• While soft robots can sustain large falls due to their light weight and lack of rigid structure, hybrid robots and rigid robots require some form of protection from falls.
  • SUMMARY
  • Described herein is a method of forming a structure having viscoelastic properties. The method can include depositing a layer of droplets of a solidifying material and a non-solidifying material, the droplets being deposited according to an occupancy matrix specifying voxels for the solidifying and non-solidifying materials, the solidifying and non-solidifying material being interspersed within the occupancy matrix; exposing the droplets of solidifying material to ultraviolet radiation to cure the solidifying material; and repeating the depositing and expositing to deposit and cure additional layers of droplets of solidifying and non-solidifying materials, thereby forming the structure having viscoelastic properties. In some embodiments, the occupancy matrix is generated by a probabilistic function, such as a random function. The probabilistic function can be based on a prescribed percent liquid in a region of the structure. The percent liquid can be based on a predetermined physical property of the structure, such as storage modulus, loss modulus, or ratio of storage modulus to loss modulus. The structure can have isotropic mechanical properties. In some embodiments, the structure has anisotropic mechanical properties, such as when the percent liquid varies as a function of position or when the percent liquid is radially symmetric in two dimensions and varying a third dimension (e.g., height). In other embodiments, the occupancy matrix can be generated deterministically.
  • In some embodiments, each dimension of the voxels can be between 5 μm and 50 μm. In some embodiments, 50% to 99% of the voxels can be solidifying material. In other embodiments, 64% to 96% of the voxels are solidifying material. In some embodiments, the occupancy matrix has three dimensions. In other embodiments, the occupancy matrix has two dimensions. In some embodiments, the occupancy matrix can specify a region of the object.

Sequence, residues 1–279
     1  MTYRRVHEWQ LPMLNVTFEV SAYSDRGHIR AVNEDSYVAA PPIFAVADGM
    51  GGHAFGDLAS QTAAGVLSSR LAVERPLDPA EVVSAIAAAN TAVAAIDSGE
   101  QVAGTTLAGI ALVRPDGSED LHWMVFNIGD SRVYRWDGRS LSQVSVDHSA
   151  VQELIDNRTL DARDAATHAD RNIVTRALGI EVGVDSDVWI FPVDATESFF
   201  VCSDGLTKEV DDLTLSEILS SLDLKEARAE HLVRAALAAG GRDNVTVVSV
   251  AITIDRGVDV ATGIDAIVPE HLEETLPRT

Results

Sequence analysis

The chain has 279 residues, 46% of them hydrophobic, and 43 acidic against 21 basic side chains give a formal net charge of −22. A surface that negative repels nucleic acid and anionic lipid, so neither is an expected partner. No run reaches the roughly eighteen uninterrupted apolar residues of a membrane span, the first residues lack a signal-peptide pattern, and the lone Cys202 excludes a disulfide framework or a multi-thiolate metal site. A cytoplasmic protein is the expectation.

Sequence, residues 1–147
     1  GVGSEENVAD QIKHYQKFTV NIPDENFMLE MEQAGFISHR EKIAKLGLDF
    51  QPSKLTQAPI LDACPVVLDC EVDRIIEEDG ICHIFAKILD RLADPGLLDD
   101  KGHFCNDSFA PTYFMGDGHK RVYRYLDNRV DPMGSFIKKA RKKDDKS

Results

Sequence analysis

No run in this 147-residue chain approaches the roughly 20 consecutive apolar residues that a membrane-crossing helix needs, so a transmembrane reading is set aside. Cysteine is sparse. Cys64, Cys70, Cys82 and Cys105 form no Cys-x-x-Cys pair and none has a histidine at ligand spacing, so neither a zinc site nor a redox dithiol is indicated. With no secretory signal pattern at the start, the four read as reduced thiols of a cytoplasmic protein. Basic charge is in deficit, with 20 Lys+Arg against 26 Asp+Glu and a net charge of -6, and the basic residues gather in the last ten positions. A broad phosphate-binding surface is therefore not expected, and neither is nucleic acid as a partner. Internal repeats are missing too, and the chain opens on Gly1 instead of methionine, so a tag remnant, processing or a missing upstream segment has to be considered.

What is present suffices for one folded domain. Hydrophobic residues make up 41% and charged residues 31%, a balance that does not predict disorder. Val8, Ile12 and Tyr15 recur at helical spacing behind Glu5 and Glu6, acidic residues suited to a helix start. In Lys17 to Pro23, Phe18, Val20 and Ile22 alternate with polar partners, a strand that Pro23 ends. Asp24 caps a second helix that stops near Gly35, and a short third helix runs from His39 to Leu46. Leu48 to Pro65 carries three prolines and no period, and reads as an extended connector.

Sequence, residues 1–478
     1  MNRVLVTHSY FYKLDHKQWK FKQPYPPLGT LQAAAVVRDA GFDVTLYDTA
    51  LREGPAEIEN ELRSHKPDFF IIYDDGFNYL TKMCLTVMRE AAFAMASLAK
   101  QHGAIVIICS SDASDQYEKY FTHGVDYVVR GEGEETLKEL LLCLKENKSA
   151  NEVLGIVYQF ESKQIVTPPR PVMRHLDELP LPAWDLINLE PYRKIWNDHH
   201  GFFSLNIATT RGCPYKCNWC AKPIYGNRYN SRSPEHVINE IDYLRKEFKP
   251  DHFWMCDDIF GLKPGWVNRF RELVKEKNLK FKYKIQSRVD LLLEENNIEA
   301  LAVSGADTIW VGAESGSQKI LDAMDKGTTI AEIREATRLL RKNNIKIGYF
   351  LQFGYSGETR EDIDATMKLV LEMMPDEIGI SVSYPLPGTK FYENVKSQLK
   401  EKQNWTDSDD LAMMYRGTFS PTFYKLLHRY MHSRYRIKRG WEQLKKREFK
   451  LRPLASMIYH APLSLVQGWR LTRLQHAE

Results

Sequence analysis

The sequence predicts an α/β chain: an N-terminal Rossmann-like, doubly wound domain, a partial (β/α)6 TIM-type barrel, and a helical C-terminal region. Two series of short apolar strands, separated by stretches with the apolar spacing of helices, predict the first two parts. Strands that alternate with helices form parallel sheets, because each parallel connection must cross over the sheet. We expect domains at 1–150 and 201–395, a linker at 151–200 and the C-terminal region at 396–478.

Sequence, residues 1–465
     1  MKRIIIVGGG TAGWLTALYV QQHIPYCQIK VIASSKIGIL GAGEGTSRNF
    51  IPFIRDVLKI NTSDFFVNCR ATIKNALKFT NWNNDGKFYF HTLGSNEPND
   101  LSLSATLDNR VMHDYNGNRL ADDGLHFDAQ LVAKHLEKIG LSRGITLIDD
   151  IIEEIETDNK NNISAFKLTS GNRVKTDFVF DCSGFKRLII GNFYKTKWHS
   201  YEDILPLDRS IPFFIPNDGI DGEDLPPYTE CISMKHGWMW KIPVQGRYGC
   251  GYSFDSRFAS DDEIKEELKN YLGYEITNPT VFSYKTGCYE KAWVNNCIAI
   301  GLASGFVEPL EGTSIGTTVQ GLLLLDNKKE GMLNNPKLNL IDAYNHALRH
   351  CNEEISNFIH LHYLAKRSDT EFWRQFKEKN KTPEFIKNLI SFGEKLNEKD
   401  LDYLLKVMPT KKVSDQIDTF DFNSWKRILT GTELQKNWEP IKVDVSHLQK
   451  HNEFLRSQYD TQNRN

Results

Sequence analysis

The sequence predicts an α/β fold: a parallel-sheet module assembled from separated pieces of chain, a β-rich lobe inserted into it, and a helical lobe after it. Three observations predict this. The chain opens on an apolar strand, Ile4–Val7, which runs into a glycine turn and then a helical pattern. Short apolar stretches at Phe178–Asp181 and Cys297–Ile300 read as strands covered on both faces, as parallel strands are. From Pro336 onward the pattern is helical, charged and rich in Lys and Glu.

• Some embodiments can include depositing a second solidifying material. Other embodiments can include depositing a second non-solidifying material. In some embodiments, the occupancy matrix for a subsequent layer is generated while depositing the layer of droplets of solidifying and non-solidifying materials.
  • Also described herein is a deformable, opaque, photopolymerized acrylate foam having interspersed solidified and non-solidified material. In some embodiments, the solidified and non-solidified material can be interspersed according to probabilistic function. In other embodiments, the solidified and non-solidified material can be interspersed according to deterministic function. The foam can be an open cellular foam or a closed cellular foam filled with liquid. In some embodiments, the foam has at least 25% void space after the removal of a non-solidified material.
  • Described herein are new methods of making materials having viscoelastic properties. In some embodiments, the viscoelastic properties can be specified, e.g., in software, and realized automatically. In other words, the mechanical properties can be programmed. In some of the applications described herein, we then apply this approach to building jumping robots whose bodies can absorb the forces generated upon contact with the ground. Embodiments described herein are 3D printing approaches that combines the printing of solidifying materials with non-solidifying materials (e.g., liquids) to achieve materials with graded viscoelastic properties. Embodiments of the viscoelastic materials have a storage modulus E′ε{0.1, . . . , 1} MPa and a tangent delta tan(δ)ε{0.2, . . . , 0.9}, at 1 Hz. Described herein is a data-driven approach to develop a model for the placement of solidifying and non-solidifying (e.g., liquid) droplets deposited by a 3D inkjet printer that can achieve a desired mechanical property within this range. Also described herein is measuring the mechanical properties of these printed materials. Also described herein are applications of these new materials to create a new jumping cube robot that can “stick the landing”.
  • Described herein are methods for materials having viscoelastic properties. In some embodiments, data-driven models that describe the mechanical properties of these materials are also described, as well as methods for generating an occupancy matrix based on the data models. Also described herein are methods for generating the printable material design files. Also described herein are measurements that characterize these materials in dynamic low- and high-strain regimes.